In President Trump’s telling, the “very big event” in Japan is something he just can’t miss.
How big? “One hundred times bigger” than the Super Bowl, Trump boasted during an Oval Office meeting with Japanese Prime Minister Shinzo Abe last month.
“Something that hasn’t happened in over 200 years,” the president marveled this week, as he prepared to leave Washington for Tokyo on Friday.
What is happening? Trump hasn’t exactly said. He noted in remarks on Thursday that it has something to do with the emperor, but he hasn’t offered any details. “It’s a very big thing,” he assured reporters.
For Trump — who as a real estate developer and reality show star honed his talents for trumping up even the most modest of events to make them, and himself, seem larger — the hyping of his four-day trip to Japan has followed in a long line of boasts and pronouncements aimed at building up public anticipation for whatever he is working on.
The promoter in chief has touted dangerous hurricanes “as big as they’ve seen,” previewed plans for a revamped Independence Day fireworks display that would be “one of the biggest gatherings in the history of Washington, D.C.,” and told reporters in the White House briefing room to go to the West Wing driveway in March 2018 for a “major statement” on “the big subject” — his decision to meet North Korean leader Kim Jong Un.
But on the subject of Japan, Trump has been particularly vague. “It’s a very unusual thing,” he said during his meeting with Abe.
That “thing” is the crowning of Emperor Naruhito, who ascended this month after his father Akihito abdicated the throne — the first emperor to do so since 1817. Akihito, 85, had ruled for 30 years but chose to step down because of his age and health issues.
As he boasted about the importance of the event, Trump made no mention of either Naruhito or Akihito by name, nor of the new “Reiwa era” in Japan that marked Naruhito’s ascension. The royal succession is, indeed, a big deal in Japan, and the national celebration will last through a formal ceremony for Naruhito in October.
For Abe, the historic moment provided an opportunity to advance his tireless courting of Trump, once again playing to the president’s ego by inviting him to be the first foreign leader to meet Naruhito. Abe also is scheduled to escort Trump and first lady Melania Trump to the finale of the Grand Sumo tournament on Sunday, where they will be granted special chairs near the “dohyo,” or sumo ring. Trump plans to present a custom-made trophy nicknamed the “Trump Cup” to the winner.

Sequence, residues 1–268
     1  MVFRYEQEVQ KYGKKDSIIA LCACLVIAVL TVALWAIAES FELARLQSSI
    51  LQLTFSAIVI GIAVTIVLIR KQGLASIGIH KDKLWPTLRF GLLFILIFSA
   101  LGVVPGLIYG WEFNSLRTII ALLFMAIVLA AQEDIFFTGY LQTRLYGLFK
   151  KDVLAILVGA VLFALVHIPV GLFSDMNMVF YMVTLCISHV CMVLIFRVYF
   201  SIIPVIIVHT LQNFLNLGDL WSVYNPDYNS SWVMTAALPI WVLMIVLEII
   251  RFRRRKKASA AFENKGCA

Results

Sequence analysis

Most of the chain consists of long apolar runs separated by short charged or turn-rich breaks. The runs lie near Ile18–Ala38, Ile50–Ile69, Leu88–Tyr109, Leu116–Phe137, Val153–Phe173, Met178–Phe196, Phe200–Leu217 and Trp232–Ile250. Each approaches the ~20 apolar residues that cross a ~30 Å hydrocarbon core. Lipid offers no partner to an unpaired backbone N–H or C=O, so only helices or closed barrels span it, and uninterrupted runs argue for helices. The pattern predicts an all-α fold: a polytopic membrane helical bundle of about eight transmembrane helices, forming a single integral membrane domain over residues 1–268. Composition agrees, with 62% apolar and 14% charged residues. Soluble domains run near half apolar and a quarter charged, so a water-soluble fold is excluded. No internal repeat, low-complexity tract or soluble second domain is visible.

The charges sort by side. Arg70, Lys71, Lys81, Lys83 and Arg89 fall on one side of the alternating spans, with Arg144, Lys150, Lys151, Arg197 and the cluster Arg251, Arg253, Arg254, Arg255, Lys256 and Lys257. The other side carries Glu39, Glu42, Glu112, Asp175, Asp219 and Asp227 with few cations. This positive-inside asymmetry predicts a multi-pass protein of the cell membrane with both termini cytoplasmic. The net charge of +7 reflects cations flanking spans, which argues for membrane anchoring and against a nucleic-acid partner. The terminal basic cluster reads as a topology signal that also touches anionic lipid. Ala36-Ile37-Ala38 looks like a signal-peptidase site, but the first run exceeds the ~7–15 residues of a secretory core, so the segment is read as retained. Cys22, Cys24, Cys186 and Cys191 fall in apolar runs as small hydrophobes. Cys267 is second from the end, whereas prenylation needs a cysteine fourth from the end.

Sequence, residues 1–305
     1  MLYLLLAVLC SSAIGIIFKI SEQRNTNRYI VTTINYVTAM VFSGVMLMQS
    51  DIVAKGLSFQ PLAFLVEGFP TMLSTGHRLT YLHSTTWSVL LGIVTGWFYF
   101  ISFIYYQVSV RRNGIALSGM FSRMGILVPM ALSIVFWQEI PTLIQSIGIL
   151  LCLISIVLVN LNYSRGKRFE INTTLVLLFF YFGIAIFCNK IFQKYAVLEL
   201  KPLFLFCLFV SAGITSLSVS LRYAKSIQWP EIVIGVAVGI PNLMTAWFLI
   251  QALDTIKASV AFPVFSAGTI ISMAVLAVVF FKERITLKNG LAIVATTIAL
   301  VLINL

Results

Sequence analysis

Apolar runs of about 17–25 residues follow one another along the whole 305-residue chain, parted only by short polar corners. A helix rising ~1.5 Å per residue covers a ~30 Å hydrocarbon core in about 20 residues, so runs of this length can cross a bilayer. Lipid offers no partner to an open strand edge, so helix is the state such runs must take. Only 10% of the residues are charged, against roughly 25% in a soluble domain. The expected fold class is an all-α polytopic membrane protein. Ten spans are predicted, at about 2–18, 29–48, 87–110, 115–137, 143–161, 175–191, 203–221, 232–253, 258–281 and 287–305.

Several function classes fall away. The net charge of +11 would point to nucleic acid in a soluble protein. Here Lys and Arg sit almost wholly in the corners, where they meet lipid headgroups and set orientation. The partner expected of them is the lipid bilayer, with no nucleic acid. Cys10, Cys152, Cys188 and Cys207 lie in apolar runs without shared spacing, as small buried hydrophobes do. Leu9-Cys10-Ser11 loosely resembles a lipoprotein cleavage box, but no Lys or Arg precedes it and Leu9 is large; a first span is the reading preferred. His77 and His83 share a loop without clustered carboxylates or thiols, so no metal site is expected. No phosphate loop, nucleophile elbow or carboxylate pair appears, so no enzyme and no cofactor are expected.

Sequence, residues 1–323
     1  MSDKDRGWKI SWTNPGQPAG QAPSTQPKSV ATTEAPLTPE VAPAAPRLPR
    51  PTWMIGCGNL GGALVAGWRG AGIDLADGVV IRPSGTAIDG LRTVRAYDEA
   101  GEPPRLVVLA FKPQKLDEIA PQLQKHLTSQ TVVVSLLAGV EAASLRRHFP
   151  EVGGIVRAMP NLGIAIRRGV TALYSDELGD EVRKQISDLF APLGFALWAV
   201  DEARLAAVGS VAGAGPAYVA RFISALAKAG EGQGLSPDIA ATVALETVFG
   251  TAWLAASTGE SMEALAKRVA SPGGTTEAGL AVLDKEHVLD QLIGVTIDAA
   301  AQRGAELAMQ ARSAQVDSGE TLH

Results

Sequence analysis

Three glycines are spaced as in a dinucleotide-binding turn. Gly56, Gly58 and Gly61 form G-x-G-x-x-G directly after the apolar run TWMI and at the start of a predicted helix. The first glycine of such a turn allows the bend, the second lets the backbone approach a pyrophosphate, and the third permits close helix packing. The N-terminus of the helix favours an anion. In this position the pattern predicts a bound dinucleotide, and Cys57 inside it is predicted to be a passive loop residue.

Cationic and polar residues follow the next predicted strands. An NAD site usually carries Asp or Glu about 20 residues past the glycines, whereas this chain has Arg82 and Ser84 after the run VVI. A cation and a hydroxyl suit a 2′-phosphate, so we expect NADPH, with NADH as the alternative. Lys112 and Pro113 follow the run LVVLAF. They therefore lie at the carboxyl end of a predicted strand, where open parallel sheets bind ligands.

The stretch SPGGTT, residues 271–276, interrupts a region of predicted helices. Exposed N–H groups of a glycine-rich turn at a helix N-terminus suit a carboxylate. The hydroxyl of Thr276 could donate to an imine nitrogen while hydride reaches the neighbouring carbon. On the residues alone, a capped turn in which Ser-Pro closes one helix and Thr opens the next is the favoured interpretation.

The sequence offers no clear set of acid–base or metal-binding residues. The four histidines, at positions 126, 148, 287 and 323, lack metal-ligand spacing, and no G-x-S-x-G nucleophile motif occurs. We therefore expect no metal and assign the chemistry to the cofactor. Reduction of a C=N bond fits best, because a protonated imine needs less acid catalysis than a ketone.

Persuading Trump to make the trip was a bit tricky for Abe, who also was able to persuade Trump to return next month for the Group of 20 economic summit in Osaka. Trump told reporters during the meeting with Abe last month that he only agreed after Abe assured him the event was way bigger than the Super Bowl.
“I said, ‘I’ll be there. If that’s the case, I’ll be there,’ ” Trump said. He added: “Isn’t it 130-some-odd years that it’s happened? It’s a very unusual thing.”
Then he sort of alluded to something having to do with the emperor — “you’re talking about reigning through blood for over 3,000 years, the longest in the world” — before asking Abe to take over.
“It’s a very, very big event,” Trump said, “and maybe you could explain the event, because it’s very exciting, actually.”
Abe then explained the abdication of a “living emperor leading to the succession of the crown prince” for the “first time in approximately 200 years.”
Japanese officials in Washington said they have high hopes for Trump’s visit. During Trump’s first trip to Japan as president in November 2017, Abe played host to a banquet in his honor at which he invited golf legend Isao Aoki and pop star Pikotaro, whose song “Pen Pineapple Apple Pen” caught the fancy of Trump’s granddaughter Arabella three years ago. Trump used a toast to poke fun at Abe’s eagerness to meet with him after he won the election in 2016.
But this time, Trump will attend a state dinner presided over by Naruhito, and Japanese officials said they expect the event to be more serious and formal — a potential challenge for the impulsive president.
Yet if Abe’s goal was to use the emperor’s succession to flatter Trump in service of preserving the bilateral alliance, it appeared to be paying dividends. During an impromptu question-and-answer session with reporters in the Roosevelt Room on Thursday, Trump was asked whether the United States and Japan could reach a trade deal to avoid tariffs on Japanese automobiles that the president has threatened to enact in six months.
Instead of responding directly, Trump pivoted to boast again about the “very big thing going on with the emperor” and then, perhaps, revealed the real reason he is so enthusiastic.
“I am the guest, meaning the United States is the guest, but Prime Minister Abe said to me, very specifically, ‘You are the guest of honor. There’s only one guest of honor,’ ” Trump said. “I represent the country. Of all the countries in the world, I’m the guest of honor at the biggest event they’ve had in over 200 years.”